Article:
WASHINGTON (Legal Newsline) – U.S. Senate Majority Leader Harry Reid and Senate Minority Leader Mitch McConnell have reportedly reached an agreement that will delay cloture votes on 17 judicial nominations.
According to a report on Politico, Reid, D-Nev., and McConnell, R-Ky., announced their agreement on the Senate floor Wednesday but won't provide any details until their respective caucuses are briefed.
"(McConnell) will explain to his caucus. I will explain to mine, but it's something I feel is in keeping with what we need to do here," said Reid, according to Politico. "It was something that like all matters we do here legislatively (was) an effort to work out a compromise."
Reid filed for cloture on the 17 nominations on Monday. One of those, West Virginia's Gina Groh, has been waiting months. She was nominated in May to fill the vacancy left by the 2006 death of Judge Craig Broadwater.
In October, her nomination was reported out of the U.S. Senate Judiciary Committee on a unanimous, bipartisan vote.
Considered "well-qualified" and "non-controversial," Groh has been waiting nearly five months to be confirmed by the full Senate.
Senate Democrats say the first cloture vote -- most likely Groh -- could occur one hour after the Senate convenes on Wednesday.
Reid, in opening remarks to the Senate floor Monday, pointed out that 11 of the 17 are nominees from judicial emergency states.
"The kind of qualified consensus nominees that in years past would have been confirmed in days or weeks now languish for months and months with no action," the senior senator from Nevada said.
"There are judges on this list that go back to November of last year. Not because we couldn't have done it. These could be confirmed in a matter of minutes. The votes should be routine. They shouldn't be a fight that delays action on important jobs measures."
He continued, "Creating jobs is the Senate's No. 1 priority. Republican obstructionism is the only thing standing in the way of moving forward with additional work to get our economy back on track. Unfortunately, Republicans have forced our hand. What else can we do?"
In an effort to further move along the 17 nominations, Reid asked Tuesday morning that the Senate proceed to executive session and vote on their confirmations.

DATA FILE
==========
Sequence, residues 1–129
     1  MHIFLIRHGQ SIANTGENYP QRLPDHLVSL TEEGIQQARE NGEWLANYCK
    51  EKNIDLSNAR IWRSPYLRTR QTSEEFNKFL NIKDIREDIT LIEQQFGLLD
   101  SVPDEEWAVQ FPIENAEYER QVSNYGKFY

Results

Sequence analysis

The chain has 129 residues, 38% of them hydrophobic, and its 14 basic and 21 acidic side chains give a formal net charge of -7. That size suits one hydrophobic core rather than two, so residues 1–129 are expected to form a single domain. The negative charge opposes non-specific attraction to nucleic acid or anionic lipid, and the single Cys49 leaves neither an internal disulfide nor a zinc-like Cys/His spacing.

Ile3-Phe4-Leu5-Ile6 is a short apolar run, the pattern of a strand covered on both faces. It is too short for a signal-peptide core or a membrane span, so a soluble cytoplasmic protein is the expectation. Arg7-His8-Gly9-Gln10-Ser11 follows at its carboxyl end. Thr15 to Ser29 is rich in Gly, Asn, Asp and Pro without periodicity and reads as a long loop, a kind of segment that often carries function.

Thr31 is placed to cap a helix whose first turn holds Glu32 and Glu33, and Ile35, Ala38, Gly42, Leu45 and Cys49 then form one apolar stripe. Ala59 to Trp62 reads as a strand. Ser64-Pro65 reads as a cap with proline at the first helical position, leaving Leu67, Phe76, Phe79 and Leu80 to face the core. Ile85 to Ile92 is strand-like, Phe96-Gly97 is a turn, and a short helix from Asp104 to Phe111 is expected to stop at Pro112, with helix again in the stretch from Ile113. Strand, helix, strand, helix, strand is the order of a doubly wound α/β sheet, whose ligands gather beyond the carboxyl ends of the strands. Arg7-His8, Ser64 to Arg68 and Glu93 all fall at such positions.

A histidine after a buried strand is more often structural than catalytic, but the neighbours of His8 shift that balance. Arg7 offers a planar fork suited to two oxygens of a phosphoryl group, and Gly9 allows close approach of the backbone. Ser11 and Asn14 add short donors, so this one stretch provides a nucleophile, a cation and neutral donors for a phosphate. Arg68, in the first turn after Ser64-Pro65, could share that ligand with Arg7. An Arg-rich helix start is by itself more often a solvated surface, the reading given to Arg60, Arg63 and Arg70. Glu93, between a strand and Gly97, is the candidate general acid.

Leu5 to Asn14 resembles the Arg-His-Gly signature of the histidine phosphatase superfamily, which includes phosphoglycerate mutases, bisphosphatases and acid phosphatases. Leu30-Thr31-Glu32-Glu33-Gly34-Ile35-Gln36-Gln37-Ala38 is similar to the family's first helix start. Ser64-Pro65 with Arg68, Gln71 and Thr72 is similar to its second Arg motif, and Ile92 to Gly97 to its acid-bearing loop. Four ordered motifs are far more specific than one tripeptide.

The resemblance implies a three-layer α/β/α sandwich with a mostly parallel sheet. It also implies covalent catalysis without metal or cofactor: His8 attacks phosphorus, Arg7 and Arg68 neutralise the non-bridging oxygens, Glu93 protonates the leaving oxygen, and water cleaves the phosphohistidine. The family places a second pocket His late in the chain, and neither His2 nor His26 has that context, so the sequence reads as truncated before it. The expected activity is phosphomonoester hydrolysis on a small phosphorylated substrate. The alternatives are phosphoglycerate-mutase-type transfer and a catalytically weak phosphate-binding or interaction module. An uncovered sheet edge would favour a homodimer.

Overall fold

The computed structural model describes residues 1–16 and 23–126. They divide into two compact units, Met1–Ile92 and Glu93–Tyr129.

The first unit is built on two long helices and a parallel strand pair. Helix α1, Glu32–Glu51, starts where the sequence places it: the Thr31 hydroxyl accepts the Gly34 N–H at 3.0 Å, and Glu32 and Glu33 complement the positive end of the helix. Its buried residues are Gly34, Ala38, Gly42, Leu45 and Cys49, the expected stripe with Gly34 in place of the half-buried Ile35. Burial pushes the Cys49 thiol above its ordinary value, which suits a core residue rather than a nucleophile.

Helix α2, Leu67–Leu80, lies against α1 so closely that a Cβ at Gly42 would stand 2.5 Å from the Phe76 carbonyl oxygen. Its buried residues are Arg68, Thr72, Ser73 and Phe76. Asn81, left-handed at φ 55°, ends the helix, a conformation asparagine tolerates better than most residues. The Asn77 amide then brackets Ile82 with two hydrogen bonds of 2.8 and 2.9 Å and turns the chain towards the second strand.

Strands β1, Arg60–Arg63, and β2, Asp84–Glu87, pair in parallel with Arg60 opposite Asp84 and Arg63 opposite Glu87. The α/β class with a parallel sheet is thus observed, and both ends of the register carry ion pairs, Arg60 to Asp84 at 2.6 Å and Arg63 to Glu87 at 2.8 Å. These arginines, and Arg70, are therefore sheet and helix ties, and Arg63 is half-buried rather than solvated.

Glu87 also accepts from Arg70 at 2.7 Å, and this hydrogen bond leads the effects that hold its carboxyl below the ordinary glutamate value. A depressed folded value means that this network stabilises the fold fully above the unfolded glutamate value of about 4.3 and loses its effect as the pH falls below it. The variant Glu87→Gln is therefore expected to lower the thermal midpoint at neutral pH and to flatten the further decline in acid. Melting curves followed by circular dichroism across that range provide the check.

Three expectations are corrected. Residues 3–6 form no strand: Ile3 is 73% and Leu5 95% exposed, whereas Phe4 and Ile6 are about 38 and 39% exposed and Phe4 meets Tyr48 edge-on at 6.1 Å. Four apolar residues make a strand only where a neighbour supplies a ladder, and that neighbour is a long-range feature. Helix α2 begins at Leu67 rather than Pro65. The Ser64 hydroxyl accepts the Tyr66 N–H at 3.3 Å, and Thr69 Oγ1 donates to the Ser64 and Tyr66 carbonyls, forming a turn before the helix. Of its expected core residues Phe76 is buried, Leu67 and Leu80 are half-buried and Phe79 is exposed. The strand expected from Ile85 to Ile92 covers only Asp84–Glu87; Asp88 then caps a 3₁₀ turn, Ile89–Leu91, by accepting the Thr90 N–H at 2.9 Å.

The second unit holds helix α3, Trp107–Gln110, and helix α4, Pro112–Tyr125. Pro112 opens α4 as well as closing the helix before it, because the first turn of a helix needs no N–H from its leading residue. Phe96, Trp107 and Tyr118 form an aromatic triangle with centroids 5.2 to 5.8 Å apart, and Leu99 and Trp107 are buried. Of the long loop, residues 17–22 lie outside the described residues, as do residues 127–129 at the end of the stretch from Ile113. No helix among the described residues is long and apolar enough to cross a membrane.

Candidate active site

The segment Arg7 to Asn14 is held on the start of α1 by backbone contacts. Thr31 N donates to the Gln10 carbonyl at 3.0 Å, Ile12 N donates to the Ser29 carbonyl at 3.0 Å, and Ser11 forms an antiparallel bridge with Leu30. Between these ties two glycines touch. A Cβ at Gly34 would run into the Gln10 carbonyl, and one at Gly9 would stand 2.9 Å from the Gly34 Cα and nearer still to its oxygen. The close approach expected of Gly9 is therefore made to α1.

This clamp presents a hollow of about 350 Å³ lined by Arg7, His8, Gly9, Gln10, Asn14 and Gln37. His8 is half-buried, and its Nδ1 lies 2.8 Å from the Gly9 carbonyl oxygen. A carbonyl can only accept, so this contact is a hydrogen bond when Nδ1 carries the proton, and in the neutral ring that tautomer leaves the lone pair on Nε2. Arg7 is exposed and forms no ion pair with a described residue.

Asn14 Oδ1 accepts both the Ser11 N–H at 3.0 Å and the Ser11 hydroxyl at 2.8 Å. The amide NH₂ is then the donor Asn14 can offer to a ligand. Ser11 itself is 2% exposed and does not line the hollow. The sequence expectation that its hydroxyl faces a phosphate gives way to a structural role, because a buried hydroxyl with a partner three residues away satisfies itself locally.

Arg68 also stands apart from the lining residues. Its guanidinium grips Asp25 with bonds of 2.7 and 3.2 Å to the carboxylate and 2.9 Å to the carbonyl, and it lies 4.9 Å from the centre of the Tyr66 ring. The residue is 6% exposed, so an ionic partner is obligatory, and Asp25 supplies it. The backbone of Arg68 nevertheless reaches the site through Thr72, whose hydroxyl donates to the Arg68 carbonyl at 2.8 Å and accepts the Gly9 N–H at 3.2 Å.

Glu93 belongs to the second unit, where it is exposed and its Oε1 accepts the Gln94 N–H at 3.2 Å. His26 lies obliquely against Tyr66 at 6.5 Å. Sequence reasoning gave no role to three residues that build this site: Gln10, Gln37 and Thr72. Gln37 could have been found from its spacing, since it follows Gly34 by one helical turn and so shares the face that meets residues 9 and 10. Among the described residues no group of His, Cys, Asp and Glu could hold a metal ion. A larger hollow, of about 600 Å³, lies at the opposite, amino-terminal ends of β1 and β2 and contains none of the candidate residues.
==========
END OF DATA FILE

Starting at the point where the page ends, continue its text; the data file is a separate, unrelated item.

McConnell objected to Reid's request.
Some GOP senators are still fuming over the president's decision in January to make a controversial recess appointment of former Ohio Attorney General Richard Cordray to the post of director of the U.S. Consumer Financial Protection Bureau.
The CFPB was created by the Dodd-Frank regulatory overhaul and is tasked with regulating consumer financial products.
Democrats, including Obama, argued Republicans were "stonewalling" Cordray's nomination.
So, Obama went ahead and appointed Cordray. In turn, some Republican senators have threatened to hold up Obama's nominations.
"I think it's unclear exactly what will happen this week, but I'm still optimistic that Groh will get a vote soon," University of Richmond law professor Carl Tobias said.
"The only reason she wouldn't is because she's the point person, the first one up. She's simply caught in the middle of all of this."
However, the law professor said he expects West Virginia's two U.S. senators, Jay Rockefeller and Joe Manchin, to take the floor Wednesday to speak strongly on her behalf.
But what does all of this mean for West Virginia attorney Stephanie Thacker?
Thacker was nominated by Obama in September to serve as a judge on the U.S. Court of Appeals for the Fourth Circuit. Thacker would replace Judge M. Blane Michael, who died earlier this year. Michael had held the position since 1993.
The Senate Judiciary Committee in November approved Thacker's nomination to the federal appeals court.
However, like Groh, she has waited several months to be confirmed by the full Senate.
Tobias, who has said Thacker could get a vote this month, noted that appellate nominees have been treated differently than district nominees.
"There's always more scrutiny with appellate nominees," he said.
"And Reid hasn't decided what to do yet about the appellate nominees. At least we know he is going to try to move these nominees first. He could do the same with appellate nominees, but we just don't know."
He added, "It really depends on these 17. Are they going to move quickly or not? Are they going to vote for cloture on each one? Are they going to have 30 hours of debate on each one?"
The GOP, Tobias said, may decide it's going to vote for cloture after all. "But it's hard to know. After Wednesday, things should be clearer."
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